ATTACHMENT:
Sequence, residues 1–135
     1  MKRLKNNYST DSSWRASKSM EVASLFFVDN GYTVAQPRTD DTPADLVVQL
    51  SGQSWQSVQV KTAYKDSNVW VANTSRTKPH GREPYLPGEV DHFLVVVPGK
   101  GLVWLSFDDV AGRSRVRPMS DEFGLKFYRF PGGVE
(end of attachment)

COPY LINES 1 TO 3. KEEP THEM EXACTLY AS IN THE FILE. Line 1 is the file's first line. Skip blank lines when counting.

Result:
Sequence, residues 1–135
     1  MKRLKNNYST DSSWRASKSM EVASLFFVDN GYTVAQPRTD DTPADLVVQL
    51  SGQSWQSVQV KTAYKDSNVW VANTSRTKPH GREPYLPGEV DHFLVVVPGK